Student Civic Leaders address national issues at a local level
A dozen Connecticut College students delayed the start of their summer vacations to participate in the summer Civic Leaders program at Conn College from May 18 to June 29, with some work continuing through the summer and the effects of their efforts reverberating long after.
The 12 rising sophomores and juniors each received a $2,000 stipend and housing and food on campus. They were assigned in pairs to one of six partner organizations in New London to address, at a local level, nationwide social issues such as education, employment, health, homelessness and racism.
The competitive program, in its fourth year, is a partnership between the Community Foundation of Eastern Connecticut and various offices at Conn, including the Office of the Dean of the College and the Holleran Center for Community Action.
“During the year, many Connecticut College students work and volunteer in New London. But this program is different: The students are able to work in organizations without distraction—they don’t have to try to fit time in around their classes, jobs, athletics or other campus activities,” Assistant Dean of the College for Connections Libby Friedman said.
Rebecca McCue, director of community engagement and Holleran Center operations, explained that the students completed an intensive two-day orientation on campus before starting their six-week internships. They learned about New London’s past and present and engaged in a downtown scavenger hunt to become familiar with the sites. They also learned about principles of ethical and equity-minded community engagement, dialogue skills, professional etiquette, team building, community building, and team and personal goal setting.
Students met for a weekly seminar with Sociology Professor Ronald Flores, faculty director of the Holleran Center, who taught them the difference between a civic leader and a servant leader, theories of social change, ethics of community engagement and more.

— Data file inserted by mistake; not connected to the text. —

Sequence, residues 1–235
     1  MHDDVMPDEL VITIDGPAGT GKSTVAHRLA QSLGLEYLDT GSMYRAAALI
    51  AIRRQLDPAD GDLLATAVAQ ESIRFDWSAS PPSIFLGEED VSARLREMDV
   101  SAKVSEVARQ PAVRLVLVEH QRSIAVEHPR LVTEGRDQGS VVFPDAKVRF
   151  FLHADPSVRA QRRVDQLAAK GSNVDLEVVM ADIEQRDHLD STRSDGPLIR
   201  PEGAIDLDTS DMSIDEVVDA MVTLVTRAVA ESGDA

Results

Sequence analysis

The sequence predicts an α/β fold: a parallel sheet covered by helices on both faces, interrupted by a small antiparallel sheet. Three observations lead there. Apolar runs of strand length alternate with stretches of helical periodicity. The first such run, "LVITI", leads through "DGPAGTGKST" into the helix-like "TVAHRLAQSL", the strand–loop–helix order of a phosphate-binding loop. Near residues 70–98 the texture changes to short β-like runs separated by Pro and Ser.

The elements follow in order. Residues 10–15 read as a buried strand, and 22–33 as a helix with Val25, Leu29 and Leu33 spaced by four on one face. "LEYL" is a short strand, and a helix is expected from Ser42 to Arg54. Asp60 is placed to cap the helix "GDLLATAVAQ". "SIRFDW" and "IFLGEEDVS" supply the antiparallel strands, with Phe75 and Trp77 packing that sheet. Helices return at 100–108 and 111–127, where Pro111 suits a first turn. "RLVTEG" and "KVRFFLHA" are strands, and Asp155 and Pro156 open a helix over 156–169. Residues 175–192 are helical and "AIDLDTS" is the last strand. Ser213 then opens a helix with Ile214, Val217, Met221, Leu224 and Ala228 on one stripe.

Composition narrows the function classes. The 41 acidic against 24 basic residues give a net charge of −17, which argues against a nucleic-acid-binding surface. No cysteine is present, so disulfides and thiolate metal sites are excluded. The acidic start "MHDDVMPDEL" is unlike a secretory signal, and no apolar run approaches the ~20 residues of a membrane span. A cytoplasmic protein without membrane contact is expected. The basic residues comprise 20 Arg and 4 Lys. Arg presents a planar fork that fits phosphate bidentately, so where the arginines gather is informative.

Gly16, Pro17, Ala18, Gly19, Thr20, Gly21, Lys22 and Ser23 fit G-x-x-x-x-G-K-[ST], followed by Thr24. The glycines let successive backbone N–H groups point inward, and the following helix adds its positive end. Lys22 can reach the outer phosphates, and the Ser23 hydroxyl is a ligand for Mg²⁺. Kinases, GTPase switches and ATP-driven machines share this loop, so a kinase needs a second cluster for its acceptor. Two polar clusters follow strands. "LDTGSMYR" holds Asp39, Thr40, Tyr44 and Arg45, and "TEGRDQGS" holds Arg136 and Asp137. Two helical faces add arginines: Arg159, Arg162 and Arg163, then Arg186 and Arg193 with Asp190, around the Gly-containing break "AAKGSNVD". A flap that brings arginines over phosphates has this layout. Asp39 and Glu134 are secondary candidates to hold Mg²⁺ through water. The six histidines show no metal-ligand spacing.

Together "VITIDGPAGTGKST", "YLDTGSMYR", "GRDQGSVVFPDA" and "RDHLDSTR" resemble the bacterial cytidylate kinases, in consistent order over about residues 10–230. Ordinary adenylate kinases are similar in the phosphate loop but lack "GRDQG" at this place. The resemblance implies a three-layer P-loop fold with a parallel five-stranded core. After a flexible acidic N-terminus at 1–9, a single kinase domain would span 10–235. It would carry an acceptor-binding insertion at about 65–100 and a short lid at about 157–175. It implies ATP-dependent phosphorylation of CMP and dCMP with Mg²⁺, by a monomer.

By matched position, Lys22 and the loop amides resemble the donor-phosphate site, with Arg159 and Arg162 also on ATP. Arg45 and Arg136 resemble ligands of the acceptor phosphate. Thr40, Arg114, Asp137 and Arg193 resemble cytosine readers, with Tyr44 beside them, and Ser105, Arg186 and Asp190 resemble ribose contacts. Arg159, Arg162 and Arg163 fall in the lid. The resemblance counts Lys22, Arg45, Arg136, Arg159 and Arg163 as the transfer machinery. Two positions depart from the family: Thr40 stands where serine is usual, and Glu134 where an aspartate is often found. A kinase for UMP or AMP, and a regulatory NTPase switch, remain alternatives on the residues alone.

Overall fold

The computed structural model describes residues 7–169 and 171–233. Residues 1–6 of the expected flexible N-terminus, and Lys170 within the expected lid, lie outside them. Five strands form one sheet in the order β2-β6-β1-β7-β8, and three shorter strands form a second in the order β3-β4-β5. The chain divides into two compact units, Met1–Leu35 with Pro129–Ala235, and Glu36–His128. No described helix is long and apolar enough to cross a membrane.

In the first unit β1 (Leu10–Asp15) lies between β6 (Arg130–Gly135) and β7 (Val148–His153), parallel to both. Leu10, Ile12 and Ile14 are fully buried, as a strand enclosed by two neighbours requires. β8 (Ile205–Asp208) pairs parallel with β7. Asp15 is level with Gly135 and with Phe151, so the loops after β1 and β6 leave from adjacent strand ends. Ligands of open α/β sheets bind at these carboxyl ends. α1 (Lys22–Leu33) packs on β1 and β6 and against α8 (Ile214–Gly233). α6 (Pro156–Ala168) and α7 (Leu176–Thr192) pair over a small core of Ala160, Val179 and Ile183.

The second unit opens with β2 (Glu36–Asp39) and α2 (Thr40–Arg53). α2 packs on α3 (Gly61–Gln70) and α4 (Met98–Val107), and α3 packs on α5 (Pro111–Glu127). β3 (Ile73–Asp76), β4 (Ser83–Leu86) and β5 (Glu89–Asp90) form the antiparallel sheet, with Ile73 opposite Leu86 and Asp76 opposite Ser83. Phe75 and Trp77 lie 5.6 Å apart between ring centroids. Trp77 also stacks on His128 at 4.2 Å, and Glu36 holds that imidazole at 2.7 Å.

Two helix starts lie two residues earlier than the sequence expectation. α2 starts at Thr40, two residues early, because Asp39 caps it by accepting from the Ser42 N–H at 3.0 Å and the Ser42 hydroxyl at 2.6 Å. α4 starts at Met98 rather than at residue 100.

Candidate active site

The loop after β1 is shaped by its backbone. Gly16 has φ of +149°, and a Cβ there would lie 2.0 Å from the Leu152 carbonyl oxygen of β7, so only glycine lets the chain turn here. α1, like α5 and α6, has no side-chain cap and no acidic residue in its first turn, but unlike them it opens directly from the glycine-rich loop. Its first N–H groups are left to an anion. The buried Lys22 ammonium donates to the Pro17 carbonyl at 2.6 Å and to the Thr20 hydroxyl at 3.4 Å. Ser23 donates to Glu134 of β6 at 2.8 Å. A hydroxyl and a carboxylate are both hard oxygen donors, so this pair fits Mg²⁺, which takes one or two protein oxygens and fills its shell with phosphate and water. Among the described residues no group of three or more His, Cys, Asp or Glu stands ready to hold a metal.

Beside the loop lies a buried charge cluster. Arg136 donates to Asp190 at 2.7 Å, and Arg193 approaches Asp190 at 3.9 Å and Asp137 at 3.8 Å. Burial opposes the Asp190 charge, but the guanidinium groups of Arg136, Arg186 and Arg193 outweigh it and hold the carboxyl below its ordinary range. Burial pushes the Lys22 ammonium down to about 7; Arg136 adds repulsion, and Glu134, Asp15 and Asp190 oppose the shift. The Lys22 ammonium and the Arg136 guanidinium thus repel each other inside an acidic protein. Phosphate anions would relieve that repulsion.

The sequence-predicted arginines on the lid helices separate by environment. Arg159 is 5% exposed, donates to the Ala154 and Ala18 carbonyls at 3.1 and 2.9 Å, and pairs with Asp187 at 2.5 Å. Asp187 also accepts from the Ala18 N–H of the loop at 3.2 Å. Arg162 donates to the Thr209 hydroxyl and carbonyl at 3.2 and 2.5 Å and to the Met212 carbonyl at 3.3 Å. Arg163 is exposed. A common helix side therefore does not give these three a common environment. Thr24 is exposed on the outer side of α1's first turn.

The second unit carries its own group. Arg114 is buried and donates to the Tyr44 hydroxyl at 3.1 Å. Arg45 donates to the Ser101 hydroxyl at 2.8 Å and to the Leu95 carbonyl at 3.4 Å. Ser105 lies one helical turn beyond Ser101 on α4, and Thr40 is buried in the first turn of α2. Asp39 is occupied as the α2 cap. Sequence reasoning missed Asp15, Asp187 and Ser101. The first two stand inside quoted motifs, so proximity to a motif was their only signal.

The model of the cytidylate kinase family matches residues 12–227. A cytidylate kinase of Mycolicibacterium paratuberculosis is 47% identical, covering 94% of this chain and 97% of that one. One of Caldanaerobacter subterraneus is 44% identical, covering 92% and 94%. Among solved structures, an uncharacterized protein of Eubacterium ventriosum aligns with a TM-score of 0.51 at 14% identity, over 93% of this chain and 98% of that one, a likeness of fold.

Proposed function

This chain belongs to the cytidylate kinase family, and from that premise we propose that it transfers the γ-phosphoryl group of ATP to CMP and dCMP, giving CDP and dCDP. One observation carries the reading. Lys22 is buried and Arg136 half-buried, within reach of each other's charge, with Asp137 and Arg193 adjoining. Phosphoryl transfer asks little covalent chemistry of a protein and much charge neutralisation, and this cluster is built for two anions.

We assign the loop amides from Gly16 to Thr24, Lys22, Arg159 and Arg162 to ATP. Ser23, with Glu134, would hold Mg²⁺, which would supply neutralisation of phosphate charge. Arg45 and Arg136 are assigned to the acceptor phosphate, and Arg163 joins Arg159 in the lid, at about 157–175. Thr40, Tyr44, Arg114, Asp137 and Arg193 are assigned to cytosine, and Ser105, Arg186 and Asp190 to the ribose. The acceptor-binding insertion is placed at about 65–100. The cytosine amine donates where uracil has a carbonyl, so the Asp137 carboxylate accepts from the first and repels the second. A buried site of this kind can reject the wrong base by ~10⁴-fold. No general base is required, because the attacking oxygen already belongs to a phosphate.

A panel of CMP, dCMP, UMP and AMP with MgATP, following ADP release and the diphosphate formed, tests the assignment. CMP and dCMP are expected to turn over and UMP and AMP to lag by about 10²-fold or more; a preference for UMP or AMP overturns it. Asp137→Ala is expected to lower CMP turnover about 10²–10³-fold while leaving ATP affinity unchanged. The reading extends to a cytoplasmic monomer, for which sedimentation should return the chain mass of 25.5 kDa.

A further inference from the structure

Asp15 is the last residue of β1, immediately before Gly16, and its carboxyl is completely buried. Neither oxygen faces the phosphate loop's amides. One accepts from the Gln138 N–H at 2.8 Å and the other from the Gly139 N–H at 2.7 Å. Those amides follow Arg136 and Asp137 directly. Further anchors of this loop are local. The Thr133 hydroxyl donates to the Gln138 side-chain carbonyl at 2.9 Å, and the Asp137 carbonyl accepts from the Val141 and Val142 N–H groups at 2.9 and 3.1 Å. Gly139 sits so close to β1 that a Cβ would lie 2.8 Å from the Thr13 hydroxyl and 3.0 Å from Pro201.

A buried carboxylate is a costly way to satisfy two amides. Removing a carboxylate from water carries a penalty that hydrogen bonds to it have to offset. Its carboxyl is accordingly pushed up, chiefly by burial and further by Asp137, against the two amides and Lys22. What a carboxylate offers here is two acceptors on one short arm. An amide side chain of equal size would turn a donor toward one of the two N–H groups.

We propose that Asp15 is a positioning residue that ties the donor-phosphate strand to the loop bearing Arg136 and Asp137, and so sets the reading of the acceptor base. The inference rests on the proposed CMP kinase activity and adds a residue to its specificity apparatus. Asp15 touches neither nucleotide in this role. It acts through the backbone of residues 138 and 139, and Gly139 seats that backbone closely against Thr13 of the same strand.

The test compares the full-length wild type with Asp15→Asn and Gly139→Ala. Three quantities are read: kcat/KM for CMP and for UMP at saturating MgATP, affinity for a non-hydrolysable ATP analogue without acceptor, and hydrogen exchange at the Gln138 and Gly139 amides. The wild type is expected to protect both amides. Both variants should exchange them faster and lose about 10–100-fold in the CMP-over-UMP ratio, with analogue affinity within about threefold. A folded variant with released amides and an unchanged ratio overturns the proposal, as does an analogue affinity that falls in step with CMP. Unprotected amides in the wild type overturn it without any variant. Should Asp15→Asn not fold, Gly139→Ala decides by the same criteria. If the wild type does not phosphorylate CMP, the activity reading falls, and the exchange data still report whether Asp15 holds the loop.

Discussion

In their final presentations on June 29, students mentioned assigned readings such as The Call of Service: A Witness to Idealism by Robert Coles, and Joyce Epstein’s Overlapping Spheres of Influence model, a theoretical framework that describes the need for connectivity among family, school and community.
The six partner internship sites, all based in New London, were Alliance for Living, Hearing Youth Voices, Horizons Beyond High School, New London Youth Affairs, Homeless Hospitality Center and The Samaritan House.
Alliance for Living
Apollo Suffi ’26 from Schaumburg, Illinois, and Alek Sinon ’26 from King of Prussia, Pennsylvania, worked with Alliance for Living, which aims to be a leader in ending HIV, homelessness and the overdose epidemic through an evidence-based, client-centered care focus.
Suffi and Sinon worked on essential daily operation tasks such as stocking the pantry, placing food and supply orders, condensing case files, data entry and filing. They also organized a PRIDE-themed community meal held June 28. Their largest project was updating the agency video—they wrote the script and produced, filmed, directed and edited the video, which will be posted on AFL’s YouTube channel.
Sinon said active listening, understanding and humility were at the heart of their work.